That sinking feeling

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Lots of Asian cities have problems: sinking revenue, sinking currency. And then there’s Bangkok, which is just … sinking.

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The city is sinking as much as two inches a year. And there’s good reason. Bangkok is built on a swamp, and rising sea levels have left the swamp less able to absorb rainy season runoff. But experts lay blame primarily on overuse of groundwater, which is cheap in Bangkok. So cheap that 2.5 million cubic tons is pumped out of the ground per day, about twice what’s considered safe. The ground sags as a result.

Proposals to raise the cost of groundwater, currently only half the cost of tap water, have been ignored in the past by a government unwilling to alienate industry, the biggest groundwater consumer. Under pressure from the local press, a handful of city officials have finally taken up the issue. But they’d better hurry: At the current rate, the Thai capital will be underwater by 2050.

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THE BIG PICTURE

You expect the big picture, and it's our job at Mother Jones to give it to you. And right now, so many of the troubles we face are the making not of a virus, but of the quest for profit, political or economic (and not just from the man in the White House who could have offered leadership and comfort but instead gave us bleach).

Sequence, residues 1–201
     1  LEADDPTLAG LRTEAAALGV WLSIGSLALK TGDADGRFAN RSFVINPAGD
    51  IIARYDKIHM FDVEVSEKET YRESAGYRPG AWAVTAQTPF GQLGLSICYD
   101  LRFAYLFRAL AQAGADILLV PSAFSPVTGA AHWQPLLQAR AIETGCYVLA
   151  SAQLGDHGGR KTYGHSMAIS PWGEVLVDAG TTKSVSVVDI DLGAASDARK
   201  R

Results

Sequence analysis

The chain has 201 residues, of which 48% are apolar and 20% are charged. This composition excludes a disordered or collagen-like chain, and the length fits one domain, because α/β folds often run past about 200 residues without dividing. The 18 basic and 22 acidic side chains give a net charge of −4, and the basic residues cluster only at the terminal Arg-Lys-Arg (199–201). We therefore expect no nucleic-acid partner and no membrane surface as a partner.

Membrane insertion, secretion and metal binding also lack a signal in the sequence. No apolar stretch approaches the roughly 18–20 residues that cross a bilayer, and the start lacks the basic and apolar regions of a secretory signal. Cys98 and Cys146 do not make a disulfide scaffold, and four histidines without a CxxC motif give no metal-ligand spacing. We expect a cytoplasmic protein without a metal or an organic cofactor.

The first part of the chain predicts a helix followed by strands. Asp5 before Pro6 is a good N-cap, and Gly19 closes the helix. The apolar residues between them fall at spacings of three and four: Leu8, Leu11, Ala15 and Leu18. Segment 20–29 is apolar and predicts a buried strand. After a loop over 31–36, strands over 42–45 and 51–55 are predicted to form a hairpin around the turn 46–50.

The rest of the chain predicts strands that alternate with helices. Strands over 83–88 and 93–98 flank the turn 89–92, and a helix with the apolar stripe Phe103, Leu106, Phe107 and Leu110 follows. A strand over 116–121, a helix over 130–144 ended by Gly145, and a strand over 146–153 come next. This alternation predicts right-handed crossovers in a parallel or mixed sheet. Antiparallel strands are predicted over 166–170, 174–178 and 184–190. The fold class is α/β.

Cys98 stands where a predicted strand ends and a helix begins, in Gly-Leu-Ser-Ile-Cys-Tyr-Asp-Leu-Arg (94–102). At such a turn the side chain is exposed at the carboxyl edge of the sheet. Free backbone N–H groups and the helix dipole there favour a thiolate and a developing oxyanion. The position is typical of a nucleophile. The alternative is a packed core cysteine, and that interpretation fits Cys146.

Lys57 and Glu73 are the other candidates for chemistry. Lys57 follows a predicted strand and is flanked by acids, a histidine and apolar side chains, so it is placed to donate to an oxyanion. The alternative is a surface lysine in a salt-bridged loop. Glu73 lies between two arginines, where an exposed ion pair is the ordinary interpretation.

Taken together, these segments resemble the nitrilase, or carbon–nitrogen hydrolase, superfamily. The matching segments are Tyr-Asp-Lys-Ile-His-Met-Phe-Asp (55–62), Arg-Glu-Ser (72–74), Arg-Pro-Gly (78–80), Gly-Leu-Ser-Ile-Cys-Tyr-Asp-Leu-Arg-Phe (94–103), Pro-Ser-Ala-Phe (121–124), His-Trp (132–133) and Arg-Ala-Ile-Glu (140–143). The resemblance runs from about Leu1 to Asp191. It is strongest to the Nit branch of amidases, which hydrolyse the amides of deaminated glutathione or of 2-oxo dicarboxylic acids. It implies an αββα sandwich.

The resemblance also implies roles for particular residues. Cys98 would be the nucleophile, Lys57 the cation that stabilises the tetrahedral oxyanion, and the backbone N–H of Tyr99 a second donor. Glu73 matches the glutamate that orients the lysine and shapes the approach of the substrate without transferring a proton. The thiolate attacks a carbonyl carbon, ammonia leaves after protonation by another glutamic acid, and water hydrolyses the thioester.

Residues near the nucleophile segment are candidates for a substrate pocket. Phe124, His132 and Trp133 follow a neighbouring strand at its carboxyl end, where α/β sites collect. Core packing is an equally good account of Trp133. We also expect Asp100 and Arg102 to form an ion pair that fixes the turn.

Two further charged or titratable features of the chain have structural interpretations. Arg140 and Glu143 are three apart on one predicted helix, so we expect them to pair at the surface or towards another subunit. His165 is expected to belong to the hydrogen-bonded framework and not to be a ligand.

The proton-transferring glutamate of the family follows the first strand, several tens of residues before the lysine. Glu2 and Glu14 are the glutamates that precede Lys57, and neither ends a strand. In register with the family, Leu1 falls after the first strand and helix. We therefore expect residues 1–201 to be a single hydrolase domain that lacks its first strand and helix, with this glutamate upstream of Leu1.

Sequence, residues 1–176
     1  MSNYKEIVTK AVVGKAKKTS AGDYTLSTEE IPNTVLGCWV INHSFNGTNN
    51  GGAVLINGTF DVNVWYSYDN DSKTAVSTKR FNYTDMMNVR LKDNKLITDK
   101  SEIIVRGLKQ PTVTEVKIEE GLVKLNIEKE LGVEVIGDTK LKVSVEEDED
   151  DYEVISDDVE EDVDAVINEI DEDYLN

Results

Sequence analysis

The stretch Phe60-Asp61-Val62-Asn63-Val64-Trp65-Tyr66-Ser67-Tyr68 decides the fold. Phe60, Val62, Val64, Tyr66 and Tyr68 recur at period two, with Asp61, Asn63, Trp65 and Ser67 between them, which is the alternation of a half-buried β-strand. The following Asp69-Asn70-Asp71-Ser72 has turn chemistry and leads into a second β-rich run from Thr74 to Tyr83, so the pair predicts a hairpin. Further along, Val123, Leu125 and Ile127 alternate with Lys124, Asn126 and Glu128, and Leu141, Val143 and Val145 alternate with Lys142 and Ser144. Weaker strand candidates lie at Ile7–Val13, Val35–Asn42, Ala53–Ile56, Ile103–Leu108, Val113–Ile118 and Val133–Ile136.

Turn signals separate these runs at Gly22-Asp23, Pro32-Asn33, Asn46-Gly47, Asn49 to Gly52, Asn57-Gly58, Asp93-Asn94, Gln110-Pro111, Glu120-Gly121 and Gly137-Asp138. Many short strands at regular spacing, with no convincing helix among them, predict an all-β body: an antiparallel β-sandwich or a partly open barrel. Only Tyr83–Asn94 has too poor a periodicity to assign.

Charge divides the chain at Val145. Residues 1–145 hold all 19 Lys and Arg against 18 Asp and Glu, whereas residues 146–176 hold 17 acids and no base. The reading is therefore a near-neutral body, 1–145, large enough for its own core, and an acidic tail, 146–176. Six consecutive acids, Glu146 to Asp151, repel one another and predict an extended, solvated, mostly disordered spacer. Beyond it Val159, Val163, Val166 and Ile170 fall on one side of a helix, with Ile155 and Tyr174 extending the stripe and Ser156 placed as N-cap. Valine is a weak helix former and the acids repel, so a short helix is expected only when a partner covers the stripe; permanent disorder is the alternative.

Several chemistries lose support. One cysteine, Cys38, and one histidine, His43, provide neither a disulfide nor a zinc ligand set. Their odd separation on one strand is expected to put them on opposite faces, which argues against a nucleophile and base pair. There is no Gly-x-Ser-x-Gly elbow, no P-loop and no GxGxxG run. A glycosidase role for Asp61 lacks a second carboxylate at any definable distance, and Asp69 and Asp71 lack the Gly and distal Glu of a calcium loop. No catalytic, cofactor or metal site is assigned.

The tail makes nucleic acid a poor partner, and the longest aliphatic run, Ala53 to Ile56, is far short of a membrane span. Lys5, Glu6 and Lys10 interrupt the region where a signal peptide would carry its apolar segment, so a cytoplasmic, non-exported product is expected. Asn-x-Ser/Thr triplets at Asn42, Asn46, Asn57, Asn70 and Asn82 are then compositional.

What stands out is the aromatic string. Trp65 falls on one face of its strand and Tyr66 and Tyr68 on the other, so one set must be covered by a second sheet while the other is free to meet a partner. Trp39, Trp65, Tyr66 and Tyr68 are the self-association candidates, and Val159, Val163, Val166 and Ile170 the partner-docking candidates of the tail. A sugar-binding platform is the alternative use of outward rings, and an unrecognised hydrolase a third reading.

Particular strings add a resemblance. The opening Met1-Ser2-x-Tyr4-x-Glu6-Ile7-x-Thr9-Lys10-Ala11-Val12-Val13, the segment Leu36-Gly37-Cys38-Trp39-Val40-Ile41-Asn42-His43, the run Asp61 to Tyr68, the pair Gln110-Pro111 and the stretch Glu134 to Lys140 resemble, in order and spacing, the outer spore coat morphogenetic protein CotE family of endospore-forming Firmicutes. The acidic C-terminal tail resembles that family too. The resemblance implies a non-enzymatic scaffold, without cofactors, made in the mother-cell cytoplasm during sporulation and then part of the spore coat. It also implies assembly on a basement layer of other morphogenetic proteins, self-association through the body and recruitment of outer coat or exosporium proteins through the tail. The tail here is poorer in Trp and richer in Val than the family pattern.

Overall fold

In "News Is Just Like Waste Management," we unpack what the coronavirus crisis has meant for journalism, including Mother Jones’, and how we can rise to the challenge. If you're able to, this is a critical moment to support our nonprofit journalism with a donation: We've scoured our budget and made the cuts we can without impairing our mission, and we hope to raise $400,000 from our community of online readers to help keep our big reporting projects going because this extraordinary pandemic-plus-election year is no time to pull back.

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